Irwin Schneiderman, outgoing NYC Opera chairman for the past 10 years (“on counsel” at Cahill Gordon & Reindel LLP; noted for his pro bono work and involvement in numerous nonprofit organizations; calls himself “a kid from the Jewish ghetto”), told me about his Brooklyn, N.Y., past. “I spent my young years in Brooklyn… Williamsburg, Brooklyn Heights.… My father was born on the Lower East Side in 1888… I went to P.S. 210, Boys High School, went into the navy, then to Harvard (’48) on the G.I. Bill of Rights… and that changed my life.”

* * *

Aryeh Mekel, newly appointed consul general of Israel to New York, was among the 500 guests at the September 5 “Celebration of the Land, on the Land,” launching of the Children’s Center Facilities Dedication campaign at the Hampton Synagogue in Westhampton Beach, N.Y.

The evening’s “eye candy” was a 400-seat couch along two sides of a huge tent designed by congregant Michael Stern (of Michael Stern Productions), replete with cushions and pillows in shades of orange, green and hot pink. As the Sheva orchestra of Israel played, guests wended their way toward the dedication across a floor painted in colors to match the pillows.

“This is a magical evening,” said Rabbi Marc Schneier, founding rabbi of the Hampton Synagogue and its affiliate, The New York Synagogue. “This center will be the promised land for our children and our children’s children.… We will be dedicating this facility to the one-and-a-half-million children who perished in the Holocaust, and through our families will keep their memory alive.”

Find us on Facebook!
  • How about a side of Hitler with your spaghetti?
  • Why "Be fruitful and multiply" isn't as simple as it seems:
  • William Schabas may be the least of Israel's problems.
  • You've heard of the #IceBucketChallenge, but Forward publisher Sam Norich has something better: a #SoupBucketChallenge (complete with matzo balls!) Jon Stewart, Sarah Silverman & David Remnick, you have 24 hours!
  • Did Hamas just take credit for kidnapping the three Israeli teens?
  • "We know what it means to be in the headlines. We know what it feels like when the world sits idly by and watches the news from the luxury of their living room couches. We know the pain of silence. We know the agony of inaction."
  • When YA romance becomes "Hasidsploitation":
  • "I am wrapping up the summer with a beach vacation with my non-Jewish in-laws. They’re good people and real leftists who try to live the values they preach. This was a quality I admired, until the latest war in Gaza. Now they are adamant that American Jews need to take more responsibility for the deaths in Gaza. They are educated people who understand the political complexity, but I don’t think they get the emotional complexity of being an American Jew who is capable of criticizing Israel but still feels a deep connection to it. How can I get this across to them?"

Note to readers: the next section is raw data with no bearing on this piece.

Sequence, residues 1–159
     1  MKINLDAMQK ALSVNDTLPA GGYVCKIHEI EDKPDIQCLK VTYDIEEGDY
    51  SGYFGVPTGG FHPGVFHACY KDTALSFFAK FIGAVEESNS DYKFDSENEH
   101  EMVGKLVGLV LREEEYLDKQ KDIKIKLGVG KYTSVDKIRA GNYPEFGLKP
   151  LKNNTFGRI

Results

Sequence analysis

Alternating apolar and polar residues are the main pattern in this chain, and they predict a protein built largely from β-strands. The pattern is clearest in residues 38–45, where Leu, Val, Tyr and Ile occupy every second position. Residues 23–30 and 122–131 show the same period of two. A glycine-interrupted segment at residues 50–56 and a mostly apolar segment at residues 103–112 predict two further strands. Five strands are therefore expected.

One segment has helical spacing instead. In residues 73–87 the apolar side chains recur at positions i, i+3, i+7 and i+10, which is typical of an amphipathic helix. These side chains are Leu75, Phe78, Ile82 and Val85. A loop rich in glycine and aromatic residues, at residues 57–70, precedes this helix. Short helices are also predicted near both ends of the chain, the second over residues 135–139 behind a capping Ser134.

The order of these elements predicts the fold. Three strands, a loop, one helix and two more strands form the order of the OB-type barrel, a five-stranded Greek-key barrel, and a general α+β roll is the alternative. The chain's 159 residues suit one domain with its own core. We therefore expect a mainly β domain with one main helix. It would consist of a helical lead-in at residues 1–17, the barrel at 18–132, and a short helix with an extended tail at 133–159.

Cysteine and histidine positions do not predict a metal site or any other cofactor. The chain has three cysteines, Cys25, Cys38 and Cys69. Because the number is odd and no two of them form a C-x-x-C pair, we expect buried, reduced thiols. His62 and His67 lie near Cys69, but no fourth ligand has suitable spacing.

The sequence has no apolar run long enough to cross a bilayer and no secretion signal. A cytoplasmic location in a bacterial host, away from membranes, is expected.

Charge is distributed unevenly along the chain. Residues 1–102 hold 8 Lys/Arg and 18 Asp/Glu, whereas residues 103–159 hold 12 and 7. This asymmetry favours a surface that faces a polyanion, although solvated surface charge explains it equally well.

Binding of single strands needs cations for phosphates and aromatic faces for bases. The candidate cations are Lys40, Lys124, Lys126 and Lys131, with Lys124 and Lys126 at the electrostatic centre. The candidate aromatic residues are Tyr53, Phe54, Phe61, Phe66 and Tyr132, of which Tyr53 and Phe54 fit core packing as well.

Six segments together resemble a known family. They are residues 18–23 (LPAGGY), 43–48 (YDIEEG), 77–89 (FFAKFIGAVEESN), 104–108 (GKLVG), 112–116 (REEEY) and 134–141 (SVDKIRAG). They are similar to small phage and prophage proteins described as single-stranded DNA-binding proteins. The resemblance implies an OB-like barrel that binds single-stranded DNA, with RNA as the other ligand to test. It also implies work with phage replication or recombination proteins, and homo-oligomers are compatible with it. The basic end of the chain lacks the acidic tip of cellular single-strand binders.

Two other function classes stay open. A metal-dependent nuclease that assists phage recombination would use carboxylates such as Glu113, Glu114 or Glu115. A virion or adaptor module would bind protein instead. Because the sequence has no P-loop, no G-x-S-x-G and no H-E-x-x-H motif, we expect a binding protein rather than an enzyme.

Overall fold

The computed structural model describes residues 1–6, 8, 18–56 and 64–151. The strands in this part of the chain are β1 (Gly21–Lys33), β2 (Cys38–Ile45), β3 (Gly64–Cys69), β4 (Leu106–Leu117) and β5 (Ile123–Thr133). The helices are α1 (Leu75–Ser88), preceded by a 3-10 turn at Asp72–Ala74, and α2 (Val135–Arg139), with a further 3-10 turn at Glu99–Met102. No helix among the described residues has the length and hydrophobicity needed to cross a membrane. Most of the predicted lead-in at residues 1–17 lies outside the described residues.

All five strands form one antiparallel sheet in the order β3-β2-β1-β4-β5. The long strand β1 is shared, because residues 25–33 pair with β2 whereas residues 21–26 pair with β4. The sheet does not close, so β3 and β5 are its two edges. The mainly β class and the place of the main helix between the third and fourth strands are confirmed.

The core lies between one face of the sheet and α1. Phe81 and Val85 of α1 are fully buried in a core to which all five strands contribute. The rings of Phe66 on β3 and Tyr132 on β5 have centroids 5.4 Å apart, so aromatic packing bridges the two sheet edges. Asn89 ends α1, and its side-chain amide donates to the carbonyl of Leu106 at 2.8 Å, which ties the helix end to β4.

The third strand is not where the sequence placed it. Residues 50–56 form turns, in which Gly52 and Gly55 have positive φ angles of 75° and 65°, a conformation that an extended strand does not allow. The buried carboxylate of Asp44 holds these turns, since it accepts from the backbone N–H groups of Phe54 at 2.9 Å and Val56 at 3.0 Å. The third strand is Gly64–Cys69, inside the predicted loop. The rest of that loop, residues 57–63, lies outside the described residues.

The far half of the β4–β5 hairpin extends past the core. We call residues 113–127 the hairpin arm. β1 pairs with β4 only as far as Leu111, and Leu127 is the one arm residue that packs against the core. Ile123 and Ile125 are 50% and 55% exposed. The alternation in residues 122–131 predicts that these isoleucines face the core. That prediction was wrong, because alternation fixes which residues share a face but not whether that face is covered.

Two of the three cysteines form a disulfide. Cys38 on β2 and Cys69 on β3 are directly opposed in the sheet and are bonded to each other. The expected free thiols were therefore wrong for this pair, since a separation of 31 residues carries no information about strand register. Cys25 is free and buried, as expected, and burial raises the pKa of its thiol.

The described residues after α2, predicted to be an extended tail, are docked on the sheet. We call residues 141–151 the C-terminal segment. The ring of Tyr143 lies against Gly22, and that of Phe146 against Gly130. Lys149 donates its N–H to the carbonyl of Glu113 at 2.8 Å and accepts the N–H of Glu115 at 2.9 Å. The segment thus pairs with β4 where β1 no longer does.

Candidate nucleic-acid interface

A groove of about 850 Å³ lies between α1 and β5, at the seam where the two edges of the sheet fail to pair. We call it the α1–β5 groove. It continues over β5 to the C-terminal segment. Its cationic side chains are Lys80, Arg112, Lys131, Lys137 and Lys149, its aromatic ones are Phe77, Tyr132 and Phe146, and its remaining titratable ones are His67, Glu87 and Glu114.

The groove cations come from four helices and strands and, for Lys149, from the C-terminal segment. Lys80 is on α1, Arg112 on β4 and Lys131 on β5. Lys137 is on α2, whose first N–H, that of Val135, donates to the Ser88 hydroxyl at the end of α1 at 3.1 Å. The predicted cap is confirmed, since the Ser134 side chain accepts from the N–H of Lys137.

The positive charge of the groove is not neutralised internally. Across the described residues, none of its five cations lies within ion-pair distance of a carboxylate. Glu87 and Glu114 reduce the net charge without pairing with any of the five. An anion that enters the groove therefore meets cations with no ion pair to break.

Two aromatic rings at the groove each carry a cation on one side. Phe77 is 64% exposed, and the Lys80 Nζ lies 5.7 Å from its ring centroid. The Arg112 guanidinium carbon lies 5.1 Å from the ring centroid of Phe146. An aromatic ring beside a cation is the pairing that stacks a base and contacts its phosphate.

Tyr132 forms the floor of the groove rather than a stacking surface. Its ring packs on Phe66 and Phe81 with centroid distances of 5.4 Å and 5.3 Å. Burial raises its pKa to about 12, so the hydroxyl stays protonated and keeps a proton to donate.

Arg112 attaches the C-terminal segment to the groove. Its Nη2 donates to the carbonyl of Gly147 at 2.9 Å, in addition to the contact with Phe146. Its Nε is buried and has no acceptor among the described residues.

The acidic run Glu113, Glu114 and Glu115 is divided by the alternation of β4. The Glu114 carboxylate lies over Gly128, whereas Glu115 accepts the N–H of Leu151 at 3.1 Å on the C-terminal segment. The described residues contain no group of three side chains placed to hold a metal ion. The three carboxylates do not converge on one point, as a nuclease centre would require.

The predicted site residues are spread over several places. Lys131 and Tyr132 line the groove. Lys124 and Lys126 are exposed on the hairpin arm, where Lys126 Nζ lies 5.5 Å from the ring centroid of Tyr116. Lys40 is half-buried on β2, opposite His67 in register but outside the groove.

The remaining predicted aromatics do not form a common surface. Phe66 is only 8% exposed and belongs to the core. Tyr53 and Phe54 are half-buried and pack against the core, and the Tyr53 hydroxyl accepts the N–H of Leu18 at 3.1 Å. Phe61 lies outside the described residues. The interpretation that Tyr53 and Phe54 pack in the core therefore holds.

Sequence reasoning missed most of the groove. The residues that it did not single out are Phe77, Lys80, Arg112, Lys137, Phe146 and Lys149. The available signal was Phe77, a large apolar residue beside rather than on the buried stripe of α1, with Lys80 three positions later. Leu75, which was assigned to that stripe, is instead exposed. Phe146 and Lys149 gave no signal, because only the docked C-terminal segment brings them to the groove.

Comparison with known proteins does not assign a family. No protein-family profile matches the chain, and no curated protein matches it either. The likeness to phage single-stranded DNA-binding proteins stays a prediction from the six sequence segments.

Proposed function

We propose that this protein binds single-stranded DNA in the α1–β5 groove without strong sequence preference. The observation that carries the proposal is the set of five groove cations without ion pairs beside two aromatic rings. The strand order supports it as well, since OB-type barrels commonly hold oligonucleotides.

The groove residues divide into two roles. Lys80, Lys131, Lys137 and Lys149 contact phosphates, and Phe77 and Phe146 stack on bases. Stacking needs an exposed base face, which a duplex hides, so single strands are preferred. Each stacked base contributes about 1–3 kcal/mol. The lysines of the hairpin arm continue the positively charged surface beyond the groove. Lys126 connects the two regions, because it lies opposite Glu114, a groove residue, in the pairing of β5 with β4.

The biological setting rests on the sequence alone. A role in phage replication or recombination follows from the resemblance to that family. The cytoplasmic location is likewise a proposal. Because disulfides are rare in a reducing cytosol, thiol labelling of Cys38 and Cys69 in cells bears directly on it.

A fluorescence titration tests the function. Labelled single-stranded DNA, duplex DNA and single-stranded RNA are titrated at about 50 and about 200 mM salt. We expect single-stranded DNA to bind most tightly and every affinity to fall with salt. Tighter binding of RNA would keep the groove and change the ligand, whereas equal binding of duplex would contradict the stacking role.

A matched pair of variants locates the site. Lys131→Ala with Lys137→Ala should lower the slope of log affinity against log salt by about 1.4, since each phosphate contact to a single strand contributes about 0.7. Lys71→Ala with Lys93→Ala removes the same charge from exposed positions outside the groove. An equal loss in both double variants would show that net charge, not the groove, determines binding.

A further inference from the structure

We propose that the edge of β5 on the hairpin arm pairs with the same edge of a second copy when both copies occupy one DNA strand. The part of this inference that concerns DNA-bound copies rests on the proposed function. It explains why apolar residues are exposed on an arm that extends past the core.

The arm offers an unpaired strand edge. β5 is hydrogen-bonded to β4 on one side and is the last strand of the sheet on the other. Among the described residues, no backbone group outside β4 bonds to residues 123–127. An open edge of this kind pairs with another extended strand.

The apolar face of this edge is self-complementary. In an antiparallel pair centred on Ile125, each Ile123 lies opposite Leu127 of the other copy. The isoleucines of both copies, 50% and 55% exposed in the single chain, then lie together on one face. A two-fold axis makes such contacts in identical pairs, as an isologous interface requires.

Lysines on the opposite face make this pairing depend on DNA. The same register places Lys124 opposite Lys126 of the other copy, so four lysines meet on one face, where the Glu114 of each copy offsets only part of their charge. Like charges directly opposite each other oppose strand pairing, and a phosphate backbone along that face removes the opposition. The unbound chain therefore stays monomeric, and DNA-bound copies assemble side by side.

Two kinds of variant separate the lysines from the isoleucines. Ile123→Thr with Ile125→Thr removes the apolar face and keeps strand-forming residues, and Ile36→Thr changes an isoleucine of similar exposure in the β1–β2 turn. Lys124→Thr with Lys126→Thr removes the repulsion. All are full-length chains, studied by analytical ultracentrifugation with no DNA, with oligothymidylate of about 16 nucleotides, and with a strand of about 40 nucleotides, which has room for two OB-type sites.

• “'I made a new friend,' my son told his grandfather later that day. 'I don’t know her name, but she was very nice. We met on the bus.' Welcome to Israel."
  • A Jewish female sword swallower. It's as cool as it sounds (and looks)!
  • Why did David Menachem Gordon join the IDF? In his own words: "The Israel Defense Forces is an army that fights for her nation’s survival and the absence of its warriors equals destruction from numerous regional foes. America is not quite under the threat of total annihilation… Simply put, I felt I was needed more in Israel than in the United States."
  • Leonard Fein's most enduring legacy may be his rejection of dualism: the idea that Jews must choose between assertiveness and compassion, between tribalism and universalism. Steven M. Cohen remembers a great Jewish progressive:
  • BREAKING: Missing lone soldier David Menachem Gordon has been found dead in central Israel. The Ohio native was 21 years old.
  • “They think they can slap on an Amish hat and a long black robe, and they’ve created a Hasid." What do you think of Hollywood's portrayal of Hasidic Jews?
  • “I’ve been doing this since I was a teenager. I didn’t think I would have to do it when I was 90.” Hedy Epstein fled Nazi Germany in 1933 on a Kinderstransport.
  • from-cache

Would you like to receive updates about new stories?

You may also be interested in our English-language newsletters:

We will not share your e-mail address or other personal information.

Already subscribed? Manage your subscription.